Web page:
Successful Initial Year of Double-Cropped ’Flower
Eric Maaske saw plenty of sunflower fields during the year he was employed by a futures trading firm headquartered in north central North Dakota. But the University of Nebraska ag economics and animal science graduate never grew a sunflower crop of his own until 2007 — years after returning to his native state and opening a commodities office in Kearney.
For someone who grew up in the soybean country of south central Nebraska and who trades them as a commodity broker and investment specialist, Maaske is not a big fan of soybeans. “Never have been,” he says. “I don’t like selling them, I don’t like growing them, and I don’t like harvesting them.”
Still, soybeans did play into Maaske’s decision to plant 310 acres of double-crop sunflower following wheat last summer. “Being on the commodities side, I thought [soy oil] prices would be strong — which they have been,” he recounts. “And that in turn would provide a good profit opportunity for us [with sunflower].”
Two other reasons led to the Oxford, Neb., producer’s decision to go with double-cropped ’flowers in 2007. One was his desire to optimize income off that large fixed asset called “land.” The other was the imminent construction of a large biofuels plant in nearby Arapaho — a plant that would process sunflower as well as soybeans and possibly canola.
Looking back, Maaske says his foray into sunflower turned out to be a very good decision.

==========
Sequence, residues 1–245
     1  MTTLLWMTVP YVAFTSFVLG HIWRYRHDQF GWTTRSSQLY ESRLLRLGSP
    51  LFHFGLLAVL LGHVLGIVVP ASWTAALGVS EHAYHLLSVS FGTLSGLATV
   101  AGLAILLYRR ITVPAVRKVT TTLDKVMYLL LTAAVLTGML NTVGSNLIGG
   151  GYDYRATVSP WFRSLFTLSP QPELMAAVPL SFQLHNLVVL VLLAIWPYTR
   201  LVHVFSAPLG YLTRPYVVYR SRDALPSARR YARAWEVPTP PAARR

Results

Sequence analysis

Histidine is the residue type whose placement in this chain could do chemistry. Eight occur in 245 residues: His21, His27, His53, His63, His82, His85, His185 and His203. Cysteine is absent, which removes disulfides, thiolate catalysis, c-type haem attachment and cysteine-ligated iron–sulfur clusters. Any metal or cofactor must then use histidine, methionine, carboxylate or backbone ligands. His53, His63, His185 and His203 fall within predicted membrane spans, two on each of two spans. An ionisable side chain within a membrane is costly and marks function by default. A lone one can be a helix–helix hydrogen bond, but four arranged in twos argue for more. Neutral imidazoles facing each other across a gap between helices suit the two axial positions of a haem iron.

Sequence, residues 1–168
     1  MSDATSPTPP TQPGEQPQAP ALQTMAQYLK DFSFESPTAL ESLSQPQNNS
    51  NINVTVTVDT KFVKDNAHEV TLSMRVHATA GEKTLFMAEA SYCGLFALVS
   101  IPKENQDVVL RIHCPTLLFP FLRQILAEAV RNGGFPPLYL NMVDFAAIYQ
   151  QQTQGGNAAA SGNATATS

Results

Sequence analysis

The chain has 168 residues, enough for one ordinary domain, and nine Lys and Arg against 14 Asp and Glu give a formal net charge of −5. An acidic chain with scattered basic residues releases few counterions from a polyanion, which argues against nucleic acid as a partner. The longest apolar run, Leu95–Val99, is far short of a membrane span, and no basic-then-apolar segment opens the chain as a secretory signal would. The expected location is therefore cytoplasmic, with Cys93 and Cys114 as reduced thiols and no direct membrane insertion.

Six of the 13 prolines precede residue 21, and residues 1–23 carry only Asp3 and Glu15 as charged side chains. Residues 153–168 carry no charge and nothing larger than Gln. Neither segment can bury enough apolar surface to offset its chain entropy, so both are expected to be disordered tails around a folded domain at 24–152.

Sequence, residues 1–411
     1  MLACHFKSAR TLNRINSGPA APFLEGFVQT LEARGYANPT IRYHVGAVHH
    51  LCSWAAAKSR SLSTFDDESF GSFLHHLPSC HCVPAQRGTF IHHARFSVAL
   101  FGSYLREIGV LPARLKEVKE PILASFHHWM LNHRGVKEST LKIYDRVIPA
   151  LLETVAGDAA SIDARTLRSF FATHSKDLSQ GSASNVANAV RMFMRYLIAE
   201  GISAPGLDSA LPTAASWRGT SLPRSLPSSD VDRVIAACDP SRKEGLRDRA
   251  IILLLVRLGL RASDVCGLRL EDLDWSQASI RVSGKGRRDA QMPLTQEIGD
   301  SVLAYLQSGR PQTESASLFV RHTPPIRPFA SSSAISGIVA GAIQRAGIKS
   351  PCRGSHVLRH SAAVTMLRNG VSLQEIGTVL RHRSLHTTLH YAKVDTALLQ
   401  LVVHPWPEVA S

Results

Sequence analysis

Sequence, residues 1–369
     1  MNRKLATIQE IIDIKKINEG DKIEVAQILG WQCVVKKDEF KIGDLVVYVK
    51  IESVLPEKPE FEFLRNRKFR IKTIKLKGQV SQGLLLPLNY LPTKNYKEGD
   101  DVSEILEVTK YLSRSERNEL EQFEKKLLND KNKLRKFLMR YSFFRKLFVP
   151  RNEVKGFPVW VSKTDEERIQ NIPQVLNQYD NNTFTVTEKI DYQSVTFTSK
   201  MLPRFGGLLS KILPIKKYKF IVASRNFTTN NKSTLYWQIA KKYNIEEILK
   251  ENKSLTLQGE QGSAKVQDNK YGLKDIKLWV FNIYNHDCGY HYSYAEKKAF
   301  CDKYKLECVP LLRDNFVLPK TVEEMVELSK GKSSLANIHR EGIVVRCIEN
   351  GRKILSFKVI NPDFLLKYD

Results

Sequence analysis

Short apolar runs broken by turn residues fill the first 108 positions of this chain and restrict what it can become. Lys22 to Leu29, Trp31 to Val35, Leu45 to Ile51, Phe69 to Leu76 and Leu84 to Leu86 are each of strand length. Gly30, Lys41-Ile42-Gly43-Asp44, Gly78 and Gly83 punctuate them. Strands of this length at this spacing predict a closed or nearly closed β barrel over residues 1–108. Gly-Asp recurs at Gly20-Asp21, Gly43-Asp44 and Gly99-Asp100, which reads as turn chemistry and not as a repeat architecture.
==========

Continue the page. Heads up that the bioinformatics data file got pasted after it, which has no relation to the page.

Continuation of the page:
He encountered only one serious issue in his first year of sunflower production: the ‘Great White Combine.’ A rare early September hailstorm struck a good portion of Maaske’s irrigated crop, resulting in 100% defoliation and zero yield on some of it. Another segment incurred 80% defoliation, yet still ended up averaging 950 lbs per acre. (He couldn’t take out multi-peril on the double-crop ’flowers, but hail insurance did cover his inputs.)
It was the remaining non-hailed acreage that put a smile on the Phelps County producer’s face. Those ’flowers, planted at the very end of June, ended up averaging 2,350 lbs per acre .
Maaske stored his entire 2007 sunflower crop, anticipating their eventual sale to Republican Valley Biofuels — the Arapahoe biodiesel and oilseed processing facility. More recently, though, the seeds were sold into the birdseed market.
Good moisture this past year in the Bertrand area resulted in Maaske needing to apply just 2.4 inches of irrigation water to his ’07 second-crop sunflower. The initial application was in the bud stage, following by two more passes post-bloom.
Fertility consisted of an at-planting application of 25 pounds of nitrogen, another 15 of phosphorus and two pounds sulfur. “Then we came in when the ’flowers were about waist-high and sidedressed another 50 pounds of N and 50 of P,” he explains, with the extra phosphorus geared more toward the succeeding wheat crop.
Weed control in the double-crop sunflower was provided by glyphosate and a light rate of Prowl in a preplant tank mix.
Maaske intended to desiccate his sunflower, but the September hailstorm obviously negated the need on the damaged acres. Plus, the remaining unhailed ’flowers dried down satisfactorily without desiccation. Maaske used his Drago corn head fitted with sunflower knives to harvest them. Immediately following the sunflower harvest, they sprayed glyphosate to kill any volunteer wheat and other weeds, applied dry fertilizer, and drilled in an ’08 winter wheat crop.
Good yields (hailed acreage aside), efficient water use, relative ease of production, and the optimal use of his land resource all combined to leave a very favorable impression of sunflower for Eric Maaske in 2007. For 2008, along with producing more double-cropped ’flowers, he also intends to plant a full-season field under the center pivot.
Regardless of what you think of soybeans, that’s a nice option to have in south central Nebraska. — Don Lilleboe
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